pr13ess.ab - Evolutionary Game Theory A. Basic Concepts,...

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Evolutionary Game Theory A. Basic Concepts, notation & Definitions 2 ECON 461 Spring 2010, H. Ofek Evolutionary Games Introduction Evolutionary game theory is essentially the study of frequency-dependent selection (natural-, or otherwise). Expected payoffs are given in terms of expected fitness (expected number of offspring that survive to reproductive age). So, success in the game means reproductive success. The expected fitness of an individual depends on the frequency in which its own (pheno) type is represented in the population, relative to other (pheno) types. The typical (but not exclusive) setting is a single population from which members are randomly matched in pairs to play a 2-player game (e.g., the Hawk-Dove game, among others). Individuals are (genetically, or otherwise) programmed to play a fixed (pure or mixed) strategy.
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3 ECON 461 Spring 2010, H. Ofek Evolutionary Games Distinguishing Features The following table summarizes some of the points that typically set evolutionary game theory apart from conventional game theory. It should be noted, however, that the mathematical structure of the games is essentially the same and the solution concepts closely overlap. Conventional Game Theory Evolutionary Game Theory Players are rational Players are myopic The apparatus of decision making is (Darwinian) natural selection Strategies are (genetically) encoded Payoffs are in expected fitness Sets of players are assigned to individual strategies “Winners” and “losers” are populations (or subpopulation groups) Solution concept: ESS – no rare mutant or invader can survive The apparatus of decision making is the human brain Strategies are adapted by reason Payoffs are in expected utility Sets of strategies are assigned to individual players “Winners” and “losers” are individual agents Solution concept: Nash equilibrium – no player can unilaterally do better 4 Evolutionary Games Informal Statement of the Problem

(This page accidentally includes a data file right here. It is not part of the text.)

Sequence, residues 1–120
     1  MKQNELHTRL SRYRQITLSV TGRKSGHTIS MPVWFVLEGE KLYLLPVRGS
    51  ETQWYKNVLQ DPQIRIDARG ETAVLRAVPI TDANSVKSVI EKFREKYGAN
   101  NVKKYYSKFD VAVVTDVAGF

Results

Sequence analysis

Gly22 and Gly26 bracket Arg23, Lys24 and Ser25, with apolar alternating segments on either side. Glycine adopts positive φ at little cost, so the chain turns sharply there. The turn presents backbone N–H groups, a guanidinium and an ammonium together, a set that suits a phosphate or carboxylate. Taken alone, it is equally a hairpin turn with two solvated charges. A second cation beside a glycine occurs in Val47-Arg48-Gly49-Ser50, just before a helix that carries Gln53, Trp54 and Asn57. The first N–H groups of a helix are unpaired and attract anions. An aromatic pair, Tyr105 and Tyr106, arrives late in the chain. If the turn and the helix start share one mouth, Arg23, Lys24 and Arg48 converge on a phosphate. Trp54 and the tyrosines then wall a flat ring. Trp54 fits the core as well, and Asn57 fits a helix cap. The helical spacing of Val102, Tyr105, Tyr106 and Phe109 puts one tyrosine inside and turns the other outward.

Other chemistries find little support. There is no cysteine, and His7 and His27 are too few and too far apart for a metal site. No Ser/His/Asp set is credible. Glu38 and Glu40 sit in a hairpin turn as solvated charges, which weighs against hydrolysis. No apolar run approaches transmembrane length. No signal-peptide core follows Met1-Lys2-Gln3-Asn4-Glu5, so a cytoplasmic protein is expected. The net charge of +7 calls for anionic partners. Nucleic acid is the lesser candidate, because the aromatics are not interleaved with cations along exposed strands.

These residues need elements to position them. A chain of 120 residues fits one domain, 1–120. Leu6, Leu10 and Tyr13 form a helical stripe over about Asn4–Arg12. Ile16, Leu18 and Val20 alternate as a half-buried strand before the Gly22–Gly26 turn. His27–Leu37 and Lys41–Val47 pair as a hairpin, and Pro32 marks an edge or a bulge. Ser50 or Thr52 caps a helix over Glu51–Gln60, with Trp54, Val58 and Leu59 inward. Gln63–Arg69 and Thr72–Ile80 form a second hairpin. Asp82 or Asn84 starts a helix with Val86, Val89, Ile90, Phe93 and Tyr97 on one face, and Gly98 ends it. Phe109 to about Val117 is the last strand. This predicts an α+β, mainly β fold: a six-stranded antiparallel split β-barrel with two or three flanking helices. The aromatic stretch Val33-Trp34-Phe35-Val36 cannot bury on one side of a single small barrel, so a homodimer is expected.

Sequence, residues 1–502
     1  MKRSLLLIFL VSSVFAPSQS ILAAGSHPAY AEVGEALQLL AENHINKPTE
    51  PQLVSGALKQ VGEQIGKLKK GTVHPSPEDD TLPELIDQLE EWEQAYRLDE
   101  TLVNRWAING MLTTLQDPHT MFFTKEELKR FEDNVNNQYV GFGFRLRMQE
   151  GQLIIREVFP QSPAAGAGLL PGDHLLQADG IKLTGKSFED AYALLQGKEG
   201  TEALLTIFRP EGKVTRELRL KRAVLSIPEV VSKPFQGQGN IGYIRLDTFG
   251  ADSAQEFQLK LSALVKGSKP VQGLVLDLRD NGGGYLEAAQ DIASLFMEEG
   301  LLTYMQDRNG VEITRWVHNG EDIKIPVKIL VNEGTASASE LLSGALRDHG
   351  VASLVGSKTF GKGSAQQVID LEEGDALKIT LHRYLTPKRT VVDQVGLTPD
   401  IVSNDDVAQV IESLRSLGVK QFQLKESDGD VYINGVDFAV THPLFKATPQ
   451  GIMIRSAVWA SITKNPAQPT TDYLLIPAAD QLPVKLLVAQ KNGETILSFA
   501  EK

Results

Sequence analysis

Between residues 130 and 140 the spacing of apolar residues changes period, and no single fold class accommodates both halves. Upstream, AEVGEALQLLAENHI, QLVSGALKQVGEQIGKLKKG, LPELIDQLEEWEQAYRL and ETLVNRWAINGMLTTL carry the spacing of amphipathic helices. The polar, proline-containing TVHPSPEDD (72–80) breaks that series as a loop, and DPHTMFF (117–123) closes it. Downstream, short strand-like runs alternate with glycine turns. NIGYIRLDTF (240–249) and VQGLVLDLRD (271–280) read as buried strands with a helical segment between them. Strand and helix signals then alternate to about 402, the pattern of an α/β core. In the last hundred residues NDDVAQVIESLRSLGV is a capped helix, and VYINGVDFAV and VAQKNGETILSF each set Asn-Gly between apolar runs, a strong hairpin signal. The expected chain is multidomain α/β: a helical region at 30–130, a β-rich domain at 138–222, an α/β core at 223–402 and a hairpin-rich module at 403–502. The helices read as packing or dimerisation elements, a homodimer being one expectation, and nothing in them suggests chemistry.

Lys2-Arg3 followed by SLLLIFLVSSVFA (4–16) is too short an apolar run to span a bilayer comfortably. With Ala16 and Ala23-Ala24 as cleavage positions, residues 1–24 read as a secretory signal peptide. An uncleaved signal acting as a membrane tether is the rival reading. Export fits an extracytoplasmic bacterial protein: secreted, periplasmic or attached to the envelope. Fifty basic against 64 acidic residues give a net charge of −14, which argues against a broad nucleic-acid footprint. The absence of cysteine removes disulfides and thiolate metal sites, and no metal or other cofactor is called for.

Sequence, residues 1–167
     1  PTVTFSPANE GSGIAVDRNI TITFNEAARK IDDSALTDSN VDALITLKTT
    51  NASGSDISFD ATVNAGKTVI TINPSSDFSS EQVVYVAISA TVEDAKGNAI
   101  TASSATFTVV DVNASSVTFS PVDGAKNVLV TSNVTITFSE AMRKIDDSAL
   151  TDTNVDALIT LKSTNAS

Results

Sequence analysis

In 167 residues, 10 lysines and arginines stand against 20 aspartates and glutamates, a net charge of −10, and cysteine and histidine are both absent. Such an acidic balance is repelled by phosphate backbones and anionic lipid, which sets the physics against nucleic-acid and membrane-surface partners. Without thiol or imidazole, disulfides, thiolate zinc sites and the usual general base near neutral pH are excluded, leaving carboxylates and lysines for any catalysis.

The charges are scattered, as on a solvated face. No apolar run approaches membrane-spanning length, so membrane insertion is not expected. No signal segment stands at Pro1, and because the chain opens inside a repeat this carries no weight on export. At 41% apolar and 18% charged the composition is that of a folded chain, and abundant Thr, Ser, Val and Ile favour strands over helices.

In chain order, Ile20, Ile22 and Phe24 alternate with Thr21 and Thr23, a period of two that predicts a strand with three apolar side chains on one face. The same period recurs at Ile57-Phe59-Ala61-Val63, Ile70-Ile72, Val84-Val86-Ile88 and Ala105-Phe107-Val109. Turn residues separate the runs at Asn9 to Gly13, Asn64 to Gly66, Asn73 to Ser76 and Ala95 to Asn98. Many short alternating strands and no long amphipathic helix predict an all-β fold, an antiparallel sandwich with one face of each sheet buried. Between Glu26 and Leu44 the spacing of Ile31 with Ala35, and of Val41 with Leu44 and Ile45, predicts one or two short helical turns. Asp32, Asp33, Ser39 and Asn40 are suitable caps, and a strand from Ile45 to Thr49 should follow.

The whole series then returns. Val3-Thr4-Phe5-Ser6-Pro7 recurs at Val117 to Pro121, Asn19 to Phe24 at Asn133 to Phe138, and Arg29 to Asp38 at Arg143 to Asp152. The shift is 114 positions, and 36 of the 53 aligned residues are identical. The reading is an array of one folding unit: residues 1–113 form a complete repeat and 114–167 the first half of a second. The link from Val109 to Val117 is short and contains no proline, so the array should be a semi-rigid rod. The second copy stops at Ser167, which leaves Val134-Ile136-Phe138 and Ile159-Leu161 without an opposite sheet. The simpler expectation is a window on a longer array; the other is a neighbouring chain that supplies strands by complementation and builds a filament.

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This note was uploaded on 05/07/2010 for the course ECON 461 taught by Professor Haimofek during the Spring '08 term at Binghamton University.

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pr13ess.ab - Evolutionary Game Theory A. Basic Concepts,...

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